Alabama Senate passes bill to protect consumers from payday loans

Inside Subprime: March 16, 2018

By Alex Huntsberger

On March 8, the Alabama State Senate passed a bill that, if it makes it through the House, will restrict the interest rates and payment terms that payday lenders can offer in the state. The bill passed 20-4 and will now move on the Alabama House of Representatives, where it is significantly less popular. If the bill gets killed in the House, Alabama residents will be stuck paying APRs up to 455 percent.

State Senator Arthur Orr (R-Decatur) sponsored the bill, which extends the minimum payment term that a payday lender can offer from 10 days to 30 days. Alabama payday loan stores can charge a flat fee of up to $17.50 per $100 loaned. With a 10-day loan, that’s an interest rate of 455 percent. With a 30-day loan, that $17.50 per $100 fee only brings the APR up to 220 percent. While that’s still a hefty amount, it’s a significant improvement from the current system.

Not only does the bill effectively halve the interest rates for payday loans, but extending the minimum loan term  gives borrowers a better chance of repaying the loan on time. A 30-day loan term means less rollover, a term which refers to taking out another loan in order to pay off the first one. It also reduces the odds that payday loan borrowers will get trapped in a dangerous cycle of debt, constantly paying interest on new loans without ever paying their debts off.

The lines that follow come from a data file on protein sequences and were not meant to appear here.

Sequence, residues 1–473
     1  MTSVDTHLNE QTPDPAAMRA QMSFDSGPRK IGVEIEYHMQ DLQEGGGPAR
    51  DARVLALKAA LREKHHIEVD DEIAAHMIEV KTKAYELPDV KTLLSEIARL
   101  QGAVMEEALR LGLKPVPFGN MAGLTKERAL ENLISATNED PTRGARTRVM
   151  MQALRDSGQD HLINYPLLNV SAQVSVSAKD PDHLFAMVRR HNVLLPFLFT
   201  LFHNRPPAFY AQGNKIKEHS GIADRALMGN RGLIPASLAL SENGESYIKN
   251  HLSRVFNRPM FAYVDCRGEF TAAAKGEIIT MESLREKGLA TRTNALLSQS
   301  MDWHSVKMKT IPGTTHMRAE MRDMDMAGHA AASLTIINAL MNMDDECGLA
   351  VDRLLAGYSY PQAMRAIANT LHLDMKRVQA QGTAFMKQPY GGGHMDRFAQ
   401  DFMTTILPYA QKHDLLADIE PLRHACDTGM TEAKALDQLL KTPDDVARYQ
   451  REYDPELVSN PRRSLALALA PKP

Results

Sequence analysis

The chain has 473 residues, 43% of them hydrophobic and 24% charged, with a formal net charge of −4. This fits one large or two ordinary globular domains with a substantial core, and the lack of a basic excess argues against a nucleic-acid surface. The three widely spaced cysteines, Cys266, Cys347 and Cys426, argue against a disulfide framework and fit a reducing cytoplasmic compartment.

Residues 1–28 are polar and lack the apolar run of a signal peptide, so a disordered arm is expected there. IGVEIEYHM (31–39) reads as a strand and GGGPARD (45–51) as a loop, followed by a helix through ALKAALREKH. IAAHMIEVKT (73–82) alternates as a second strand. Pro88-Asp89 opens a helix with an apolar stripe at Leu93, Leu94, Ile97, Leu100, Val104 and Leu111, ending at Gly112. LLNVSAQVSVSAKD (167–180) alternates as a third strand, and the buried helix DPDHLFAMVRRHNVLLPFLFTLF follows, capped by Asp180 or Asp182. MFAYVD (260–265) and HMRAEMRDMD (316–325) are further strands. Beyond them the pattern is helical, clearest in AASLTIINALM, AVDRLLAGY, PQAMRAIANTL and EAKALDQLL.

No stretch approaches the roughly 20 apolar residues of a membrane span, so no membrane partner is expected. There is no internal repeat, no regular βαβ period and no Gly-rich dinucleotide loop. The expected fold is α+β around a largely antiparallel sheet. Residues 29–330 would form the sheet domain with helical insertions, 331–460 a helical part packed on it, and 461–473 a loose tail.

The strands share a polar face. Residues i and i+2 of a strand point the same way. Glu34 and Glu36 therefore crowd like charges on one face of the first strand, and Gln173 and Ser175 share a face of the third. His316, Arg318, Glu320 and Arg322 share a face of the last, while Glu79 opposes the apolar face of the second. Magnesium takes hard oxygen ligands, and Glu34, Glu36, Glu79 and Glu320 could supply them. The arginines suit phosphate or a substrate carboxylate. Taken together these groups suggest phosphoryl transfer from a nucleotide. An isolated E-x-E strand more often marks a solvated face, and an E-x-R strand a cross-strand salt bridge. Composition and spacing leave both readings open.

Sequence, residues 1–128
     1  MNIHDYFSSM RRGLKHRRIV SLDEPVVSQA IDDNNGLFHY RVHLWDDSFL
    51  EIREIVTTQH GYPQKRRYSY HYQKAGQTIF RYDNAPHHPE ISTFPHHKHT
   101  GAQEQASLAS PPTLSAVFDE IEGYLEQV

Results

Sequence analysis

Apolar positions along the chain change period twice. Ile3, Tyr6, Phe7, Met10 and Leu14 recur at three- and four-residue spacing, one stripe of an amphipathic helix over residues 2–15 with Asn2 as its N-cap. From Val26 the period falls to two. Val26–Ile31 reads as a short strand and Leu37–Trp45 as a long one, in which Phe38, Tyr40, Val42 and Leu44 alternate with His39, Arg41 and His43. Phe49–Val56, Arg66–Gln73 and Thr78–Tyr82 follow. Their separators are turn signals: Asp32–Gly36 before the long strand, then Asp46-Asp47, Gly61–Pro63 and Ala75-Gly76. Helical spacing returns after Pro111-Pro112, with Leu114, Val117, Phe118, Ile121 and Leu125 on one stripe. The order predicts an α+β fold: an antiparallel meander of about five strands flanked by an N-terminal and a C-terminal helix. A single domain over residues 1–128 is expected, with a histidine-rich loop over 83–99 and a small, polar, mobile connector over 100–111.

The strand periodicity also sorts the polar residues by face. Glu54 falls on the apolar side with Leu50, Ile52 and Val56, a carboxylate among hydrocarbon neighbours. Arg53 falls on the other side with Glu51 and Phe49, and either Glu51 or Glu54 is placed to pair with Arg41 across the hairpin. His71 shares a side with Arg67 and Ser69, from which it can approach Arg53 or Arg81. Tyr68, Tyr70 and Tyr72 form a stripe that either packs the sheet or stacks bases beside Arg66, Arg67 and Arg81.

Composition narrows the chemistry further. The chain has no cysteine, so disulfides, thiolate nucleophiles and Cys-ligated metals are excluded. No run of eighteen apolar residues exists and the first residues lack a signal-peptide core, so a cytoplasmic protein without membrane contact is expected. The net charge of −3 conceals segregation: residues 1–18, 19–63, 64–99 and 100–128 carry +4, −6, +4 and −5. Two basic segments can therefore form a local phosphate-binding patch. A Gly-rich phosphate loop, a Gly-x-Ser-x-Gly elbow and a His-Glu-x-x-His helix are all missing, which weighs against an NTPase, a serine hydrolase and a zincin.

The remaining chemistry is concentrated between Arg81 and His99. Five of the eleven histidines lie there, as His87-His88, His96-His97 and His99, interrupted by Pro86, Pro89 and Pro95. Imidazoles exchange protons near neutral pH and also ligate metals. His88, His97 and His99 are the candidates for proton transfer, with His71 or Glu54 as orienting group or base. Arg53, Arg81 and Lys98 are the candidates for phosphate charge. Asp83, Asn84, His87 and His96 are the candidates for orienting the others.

Or rather, the bill COULD do these things if it were to pass the House of Representatives and be signed into law by Governor Kay Ivey. But it most likely will not. In fact, the bill stands little chance of receiving so much as a floor vote. According to an article on, Orr doesn’t think his bill will even make it out of committee.

“The House committee has been pretty much the Bermuda Triangle and the place that any payday lending reform bill does not exit from,” Orr said.

The bill was opposed in the Senate by Senator Tom Whatley (R-Auburn) who spoke for an hour on the senate floor in a kind of mini-filibuster. Whatley claimed that the bill would force many payday lending storefronts to close and read aloud the first names of many people who he claimed would be put out of work were the bill to pass.

Alabama is fertile ground for payday lenders. As the nation’s fourth poorest state, it has over 900,000 residents living below the poverty line, or 19.2 percent of its total population. From

“According to the state Banking Department, borrowers took out 1.8 million payday loans in Alabama last year. They total about borrowed was $609 million, and borrowers paid $106 million in fees on those loans. The average term was 20 days, and the average amount of fees was $59 per loan.”

In the 1990s and early 2000s, Alabama attempted to heavily restrict payday lending in the state, going so far as to cap interest rates and send cease and desist letters to lenders who violated them. But in 2003, intense lobbying from the payday lending industry led the maximum allowable annual rates to skyrocket from 190 percent to 455 percent.

It is the power of this same lobby that will likely spell death for Senator Orr’s attempt at consumer-friendly reform.

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